Doctors Suggest Less Time Spent Healing From Mild TBI
With how much we’re finding out about traumatic brain injury all the time, including newly discovered links to chronic traumatic encephalopathy, also known as CTE, it was only a matter of time before the experts on brain injury would release new guidelines for treating and managing brain injury.
An international panel of experts released an updated consensus statement on TBI aimed at updating doctors, sports health professionals, and other health-care providers on the best way to diagnose a concussion and manage a patient’s recovery over time.
“Concussion is one of the most complex injuries to diagnose and treat, and our understanding of concussion is constantly evolving,” said panel co-chair Dr. Willem Meeuwisse, leader of the University of Calgary’s Brain Injury Initiative, according to The Huffington Post Canada.
The paper was published in the April issue of the British Journal of Sports Medicine, and goes as far as including suggestions as to how to adapt the new guidelines to individual sports.
The biggest change is a revision of the suggested amount of time an athlete dealing with a concussion needs to rest before returning to cognitive and physical activities. Surprisingly, they are suggesting less time spent away from activity.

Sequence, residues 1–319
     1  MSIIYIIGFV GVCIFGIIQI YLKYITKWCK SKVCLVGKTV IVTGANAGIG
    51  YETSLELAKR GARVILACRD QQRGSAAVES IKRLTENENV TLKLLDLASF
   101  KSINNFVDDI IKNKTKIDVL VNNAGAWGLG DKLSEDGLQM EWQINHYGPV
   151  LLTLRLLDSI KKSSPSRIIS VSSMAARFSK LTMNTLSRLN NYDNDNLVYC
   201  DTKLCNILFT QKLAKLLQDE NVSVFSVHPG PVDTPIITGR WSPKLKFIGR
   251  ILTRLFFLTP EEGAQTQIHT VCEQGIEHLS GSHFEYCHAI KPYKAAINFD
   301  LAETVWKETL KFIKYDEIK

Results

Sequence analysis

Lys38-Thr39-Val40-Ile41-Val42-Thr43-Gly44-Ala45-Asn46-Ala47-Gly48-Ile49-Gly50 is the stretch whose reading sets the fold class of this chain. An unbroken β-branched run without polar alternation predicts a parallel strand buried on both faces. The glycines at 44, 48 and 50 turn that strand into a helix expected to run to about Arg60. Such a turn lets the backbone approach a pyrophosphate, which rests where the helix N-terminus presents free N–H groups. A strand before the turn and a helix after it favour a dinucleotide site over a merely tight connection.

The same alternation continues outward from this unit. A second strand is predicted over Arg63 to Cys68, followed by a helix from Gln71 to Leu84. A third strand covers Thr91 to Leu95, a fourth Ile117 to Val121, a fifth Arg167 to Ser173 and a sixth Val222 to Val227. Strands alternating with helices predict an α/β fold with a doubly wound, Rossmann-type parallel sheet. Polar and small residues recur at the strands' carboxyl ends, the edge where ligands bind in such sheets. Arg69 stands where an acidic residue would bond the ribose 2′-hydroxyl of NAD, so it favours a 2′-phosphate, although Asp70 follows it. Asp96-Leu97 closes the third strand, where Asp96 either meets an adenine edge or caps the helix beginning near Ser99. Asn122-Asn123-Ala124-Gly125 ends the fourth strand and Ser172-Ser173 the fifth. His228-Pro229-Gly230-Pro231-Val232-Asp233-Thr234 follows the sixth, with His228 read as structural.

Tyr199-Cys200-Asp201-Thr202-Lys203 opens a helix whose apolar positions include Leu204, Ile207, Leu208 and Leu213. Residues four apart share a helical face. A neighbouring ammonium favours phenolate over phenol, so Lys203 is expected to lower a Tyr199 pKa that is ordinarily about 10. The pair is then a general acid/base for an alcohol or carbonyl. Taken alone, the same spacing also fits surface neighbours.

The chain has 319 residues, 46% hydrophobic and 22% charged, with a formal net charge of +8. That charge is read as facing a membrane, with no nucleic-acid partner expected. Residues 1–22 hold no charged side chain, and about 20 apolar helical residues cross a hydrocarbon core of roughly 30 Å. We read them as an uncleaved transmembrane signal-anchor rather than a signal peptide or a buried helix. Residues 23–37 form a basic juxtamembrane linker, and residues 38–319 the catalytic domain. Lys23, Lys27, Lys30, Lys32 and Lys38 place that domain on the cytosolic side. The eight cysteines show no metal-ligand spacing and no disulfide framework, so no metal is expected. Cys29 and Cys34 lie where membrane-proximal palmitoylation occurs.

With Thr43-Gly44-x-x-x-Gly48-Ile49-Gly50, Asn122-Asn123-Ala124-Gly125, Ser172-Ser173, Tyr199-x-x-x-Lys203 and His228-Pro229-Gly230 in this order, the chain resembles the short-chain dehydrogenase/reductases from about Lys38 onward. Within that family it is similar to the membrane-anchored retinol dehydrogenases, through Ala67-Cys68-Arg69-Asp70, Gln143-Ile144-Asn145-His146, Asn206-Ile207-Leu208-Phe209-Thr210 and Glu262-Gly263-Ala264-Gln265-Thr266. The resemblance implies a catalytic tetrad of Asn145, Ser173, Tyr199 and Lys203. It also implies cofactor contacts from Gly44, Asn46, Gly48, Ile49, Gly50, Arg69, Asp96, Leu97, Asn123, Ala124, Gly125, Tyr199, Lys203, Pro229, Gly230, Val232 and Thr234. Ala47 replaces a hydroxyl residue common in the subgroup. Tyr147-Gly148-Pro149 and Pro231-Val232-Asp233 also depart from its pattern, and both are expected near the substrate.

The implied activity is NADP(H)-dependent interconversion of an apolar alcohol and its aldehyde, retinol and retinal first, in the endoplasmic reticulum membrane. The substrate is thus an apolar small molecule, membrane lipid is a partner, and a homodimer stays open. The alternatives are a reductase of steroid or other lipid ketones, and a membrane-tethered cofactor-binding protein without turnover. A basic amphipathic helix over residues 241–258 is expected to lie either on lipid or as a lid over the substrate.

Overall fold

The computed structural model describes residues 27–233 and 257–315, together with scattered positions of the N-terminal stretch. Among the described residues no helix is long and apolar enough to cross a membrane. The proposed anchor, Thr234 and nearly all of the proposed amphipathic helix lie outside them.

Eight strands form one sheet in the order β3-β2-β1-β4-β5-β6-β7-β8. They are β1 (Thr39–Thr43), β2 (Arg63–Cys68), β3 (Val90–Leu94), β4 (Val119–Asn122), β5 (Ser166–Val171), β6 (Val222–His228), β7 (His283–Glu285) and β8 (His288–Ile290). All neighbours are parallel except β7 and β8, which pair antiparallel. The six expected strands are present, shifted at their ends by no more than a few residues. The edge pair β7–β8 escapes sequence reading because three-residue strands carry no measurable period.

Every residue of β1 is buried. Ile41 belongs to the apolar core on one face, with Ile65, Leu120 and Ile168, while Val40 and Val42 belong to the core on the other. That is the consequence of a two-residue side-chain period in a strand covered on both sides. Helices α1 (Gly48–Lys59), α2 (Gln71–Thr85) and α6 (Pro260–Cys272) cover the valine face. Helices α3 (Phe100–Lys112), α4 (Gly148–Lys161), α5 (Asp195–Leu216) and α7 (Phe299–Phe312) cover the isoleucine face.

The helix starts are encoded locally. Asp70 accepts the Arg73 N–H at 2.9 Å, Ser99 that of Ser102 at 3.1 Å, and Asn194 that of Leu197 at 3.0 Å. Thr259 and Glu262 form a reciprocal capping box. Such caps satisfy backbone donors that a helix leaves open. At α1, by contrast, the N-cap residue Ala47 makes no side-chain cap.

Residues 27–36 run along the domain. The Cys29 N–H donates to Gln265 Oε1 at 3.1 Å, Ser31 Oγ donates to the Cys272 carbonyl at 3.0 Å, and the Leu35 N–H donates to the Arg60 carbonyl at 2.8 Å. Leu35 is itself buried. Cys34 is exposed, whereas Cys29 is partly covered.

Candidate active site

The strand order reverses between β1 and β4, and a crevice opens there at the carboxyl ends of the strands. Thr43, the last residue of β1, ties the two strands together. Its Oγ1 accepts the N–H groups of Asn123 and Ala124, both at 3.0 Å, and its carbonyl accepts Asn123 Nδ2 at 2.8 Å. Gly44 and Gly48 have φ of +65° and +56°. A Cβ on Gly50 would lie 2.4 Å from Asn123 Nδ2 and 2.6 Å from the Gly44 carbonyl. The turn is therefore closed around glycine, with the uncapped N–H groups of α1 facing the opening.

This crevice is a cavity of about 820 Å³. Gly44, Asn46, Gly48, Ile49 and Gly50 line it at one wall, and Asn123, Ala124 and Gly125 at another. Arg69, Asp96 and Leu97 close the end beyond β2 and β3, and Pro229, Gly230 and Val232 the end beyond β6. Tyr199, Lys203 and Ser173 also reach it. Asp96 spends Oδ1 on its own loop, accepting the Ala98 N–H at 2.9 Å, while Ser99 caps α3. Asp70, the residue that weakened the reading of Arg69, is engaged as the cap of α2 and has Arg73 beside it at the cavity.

“What’s changed is in the past, we would say if you’re not better, well ‘get more rest.’ And now we’re recognizing that in the 20 per cent or so who are not recovered by 10 days, that often there are other things that are going on that require a more detailed assessment and often can benefit from rehabilitation.”
The gradual return to activity suggested by the panel is called “a sensible approach,” though they say athletes should still receive medical clearance before returning to competition and practice.
It seems questionable to me that less time spent healing, and a return to activities would be beneficial to those still struggling with symptoms, but the medical professionals know best, and they state that most treatments suggesting longer periods of rest are mostly unproven.